Waters and Brown Urge SEC to Disclose Demographic Data to Investors

Companies and government agencies have drawn more attention to increasing the representation of marginalized or underrepresented groups.

News Brief:

  • Congresswoman Maxine Waters (D-Calif.) and Senator Sherrod Brown (D-Ohio) urged the U.S. Securities and Exchange Commission on May 23 to require companies to disclose race, ethnicity, gender, sexual orientation, and disability status data of their corporate boards, executive leadership, and workforce. The two wrote in their capacities as chairwoman of the Committee on Financial Services and chairman of the Committee on Banking, Housing, and Urban Affairs.
  • The letter drew particular attention to people with disabilities. Congresswoman Waters and Senator Brown noted that while companies report race, ethnicity, and gender data to the U.S. Equal Employment Opportunity Commission through their EEO-1 filings and many do so publicly, there is a need for disability data as well. “Collecting and publicly reporting data on disability status is key to closing the employment gap facing individuals with disabilities in the workforce,” they wrote.
  • In addition to workforce and leadership data, the members of Congress requested the SEC require businesses to disclose supplier data. “Supplier diversity and procurements should be tracked and shared with shareholders, so the company and its shareholders know how their investments are being spent and with whom,” the statement read.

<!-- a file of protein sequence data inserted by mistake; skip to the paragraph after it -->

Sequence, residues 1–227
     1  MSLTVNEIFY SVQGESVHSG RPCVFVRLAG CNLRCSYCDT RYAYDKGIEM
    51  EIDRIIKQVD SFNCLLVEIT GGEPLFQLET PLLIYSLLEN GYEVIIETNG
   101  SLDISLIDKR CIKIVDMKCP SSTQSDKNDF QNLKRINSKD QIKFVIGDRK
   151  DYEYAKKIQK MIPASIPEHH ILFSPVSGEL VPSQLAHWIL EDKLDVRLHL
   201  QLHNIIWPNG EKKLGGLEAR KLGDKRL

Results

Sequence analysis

In their efforts to address diversity and inclusion, companies and government agencies have drawn more attention to increasing the representation of marginalized or underrepresented groups within both leadership and the organization’s workforce as a whole.

Many of those calls have come from company coalitions that seek to hold each other and other organizations accountable. In their letter to the SEC, Congresswoman Waters and Senator Brown referenced the Joint Investor Statement on Disability Inclusion — a letter spearheaded by Disability: IN, an advocacy group that has engaged more than 400 corporate partners on disability inclusion. The statement encouraged companies to actively recruit people with disabilities, create a supplier diversity program, adopt a proactive disability accommodations policy, and more.

Shareholder activist groups have also put pressure on companies to improve their DEI performance. As You Sow, for example, has a set of social justice initiatives; these include a racial justice scorecard, which analyzes hiring, promotion, and retention of people of color, and workplace equity, which examines gender and ethnic diversity “across a company’s board, management, and staff at all levels.”

Corporate leadership and shareholder buy-in are not enough, however, Waters and Brown argued to the SEC; “Required disclosures on actual spend and hiring are essential to ensuring firms are accountable and transparent to their current shareholders and potential investors,” they said.

News Source: HR Dive